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G.R. No.

L-105586 AGRARIAN LAW AND SOCIAL LEGISLATION


2015
Republic of the Philippines
SUPREME COURT
Manila

SECOND DIVISION

G.R. No. L-105586 December 15, 1993

REMIGIO ISIDRO, petitioner,


vs.

THE HON. COURT OF APPEALS (SEVENTH DIVISION) AND NATIVIDAD GUTIERREZ,


respondents.

Joventino A. Cornista for petitioner.


Yolanda Quisumbing-Javellana & Associates for private respondent.

PADILLA, J.:

This is a petition for review on certiorari of the decision * of the respondent Court of Appeals dated 27
February 1992 in CA-G.R. SP No. 26671 ordering petitioner to vacate the land in question and
surrender possession thereof to the private respondent; and its 21 May 1992 resolution denying
petitioner's motion for reconsideration for lack of merit.

The facts which gave rise to this petition are as follows:

Private respondent Natividad Gutierrez is the owner of a parcel of land with an area of 4.5 hectares
located in Barrio Sta. Cruz, Gapan, Nueva Ecija. In 1985, Aniceta Garcia, sister of private respondent
and also the overseer of the latter, allowed petitioner Remigio Isidro to occupy the swampy portion of
the abovementioned land, consisting of one (1) hectare, in order to augment his (petitioner's) income
to meet his family's needs. The occupancy of a portion of said land was subject top the condition that
petitioner would vacate the land upon demand. Petitioner occupied the land without paying any rental
and converted the same into a fishpond.

In 1990, private respondent through the overseer demanded from petitioner the return of the land, but
the latter refused to vacate and return possession of said land, claiming that he had spent effort and
invested capital in converting the same into a fishpond.

A complaint for unlawful detainer was filed by private respondent against petitioner before the
Municipal Trial Court (MTC) of Gapan, Nueva Ecija which was docketed as Civil Case No. 4120.
Petitioner set up the following defenses: (a) that the complaint was triggered by his refusal to increase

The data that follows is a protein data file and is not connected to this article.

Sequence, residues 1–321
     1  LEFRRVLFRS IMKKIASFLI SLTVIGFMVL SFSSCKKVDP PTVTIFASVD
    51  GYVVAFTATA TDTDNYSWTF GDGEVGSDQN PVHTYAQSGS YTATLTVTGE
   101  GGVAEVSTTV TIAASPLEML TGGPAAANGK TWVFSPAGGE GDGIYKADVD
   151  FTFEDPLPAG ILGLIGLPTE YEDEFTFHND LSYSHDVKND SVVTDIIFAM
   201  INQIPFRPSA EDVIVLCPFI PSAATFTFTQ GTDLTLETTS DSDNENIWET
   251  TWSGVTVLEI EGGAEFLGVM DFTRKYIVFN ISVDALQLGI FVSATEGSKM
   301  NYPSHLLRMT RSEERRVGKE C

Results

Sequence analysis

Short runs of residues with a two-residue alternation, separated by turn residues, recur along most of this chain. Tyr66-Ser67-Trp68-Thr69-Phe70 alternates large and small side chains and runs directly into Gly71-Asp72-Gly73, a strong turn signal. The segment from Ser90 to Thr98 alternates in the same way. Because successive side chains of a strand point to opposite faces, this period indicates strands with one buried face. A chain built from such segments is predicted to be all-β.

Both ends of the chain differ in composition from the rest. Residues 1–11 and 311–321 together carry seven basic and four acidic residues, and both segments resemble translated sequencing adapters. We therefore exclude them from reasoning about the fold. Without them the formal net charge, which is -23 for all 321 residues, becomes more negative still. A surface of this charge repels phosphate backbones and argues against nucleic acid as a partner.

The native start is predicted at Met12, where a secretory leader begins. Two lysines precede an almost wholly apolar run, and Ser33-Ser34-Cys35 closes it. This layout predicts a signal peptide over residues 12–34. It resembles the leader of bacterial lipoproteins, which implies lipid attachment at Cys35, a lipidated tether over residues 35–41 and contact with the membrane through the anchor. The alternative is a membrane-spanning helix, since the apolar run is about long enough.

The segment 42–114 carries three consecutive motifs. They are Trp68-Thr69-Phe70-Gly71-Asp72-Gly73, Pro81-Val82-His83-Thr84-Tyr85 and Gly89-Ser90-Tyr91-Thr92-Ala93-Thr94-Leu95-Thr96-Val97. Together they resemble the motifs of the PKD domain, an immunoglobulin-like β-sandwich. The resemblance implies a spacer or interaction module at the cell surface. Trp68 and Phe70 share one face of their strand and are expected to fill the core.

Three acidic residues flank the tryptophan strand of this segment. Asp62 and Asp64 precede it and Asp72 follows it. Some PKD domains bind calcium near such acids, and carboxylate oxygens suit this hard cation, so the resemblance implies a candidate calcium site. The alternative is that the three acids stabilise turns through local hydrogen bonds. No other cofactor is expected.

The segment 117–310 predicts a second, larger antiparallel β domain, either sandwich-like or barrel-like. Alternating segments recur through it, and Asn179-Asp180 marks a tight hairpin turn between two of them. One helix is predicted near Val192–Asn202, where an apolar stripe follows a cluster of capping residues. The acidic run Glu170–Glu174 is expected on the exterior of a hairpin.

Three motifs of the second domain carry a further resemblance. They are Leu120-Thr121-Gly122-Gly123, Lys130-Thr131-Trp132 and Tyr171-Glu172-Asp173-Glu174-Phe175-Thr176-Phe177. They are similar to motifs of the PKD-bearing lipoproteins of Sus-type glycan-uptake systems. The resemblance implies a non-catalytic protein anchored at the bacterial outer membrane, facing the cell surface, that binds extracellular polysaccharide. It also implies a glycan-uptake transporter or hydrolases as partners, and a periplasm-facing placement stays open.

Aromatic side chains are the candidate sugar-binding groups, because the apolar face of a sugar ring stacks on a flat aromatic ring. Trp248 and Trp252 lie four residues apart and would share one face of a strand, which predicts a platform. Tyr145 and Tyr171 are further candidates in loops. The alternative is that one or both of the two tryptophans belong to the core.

his lease rental; (b) the subject land is a fishpond and therefore is agricultural land; and (c) that lack of
formal demand to vacate exposes the complaint to dismissal for insufficiency of cause of action. 1

Based on an ocular inspection of the subject land, the trial court found that the land in question is a
fishpond 2 and, thus, in a decision dated 30 May 1991, the said trial court dismissed the complaint,
ruling that the land is agricultural and therefore the dispute over it is agrarian which is under the
original and exclusive jurisdiction of the courts of agrarian relations as provided in Sec. 12(a) of
Republic Act No. 946 (now embodied in the Revised Rules of Procedure of the Department of
Agrarian Reform Adjudication Board). 3

An appeal was filed by private respondent before the Regional Trial Court (RTC) of Gapan, Nueva
Ecija, docketed as Civil Case No. 889. In due course, the RTC rendered a decision on 5 November
1991 concurring with the findings of the MTC and affirming in toto the trial court's decision.

The RTC decision held that:

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G.R. No. L-105586 AGRARIAN LAW AND SOCIAL LEGISLATION
2015
Even conceding for the sake of argument that the defendant-appellee was allowed by the plaintiff-
appellant, through her sister Aniceta Garcia (her administratrix over the land in question) to occupy
and use the landholding in question on condition that the defendant would vacate the same upon
demand of the owner or plaintiff herein, without paying any rental either in cash or produce, under
these facts there was a tenurial arrangement, within the meaning of Sec. 3(d) of RA 6657, thereby
placing the dispute involved in this case within the jurisdiction of the DARAB. Perhaps, it would be
different if the defendant was merely a trespasser, without any right whatsoever, when he entered and
occupied the subject landholding. The defendant, as a matter of fact, was a legal possessor of the
land in question and therefore to determine his rights and obligations over the said property, the
DARAB is the proper forum for such issue. 4

Not satisfied with the decision of the RTC, private respondent appealed to the respondent Court of
Appeals and the appeal was docketed as CA-G.R. SP No. 26671. On 27 February 1992, as earlier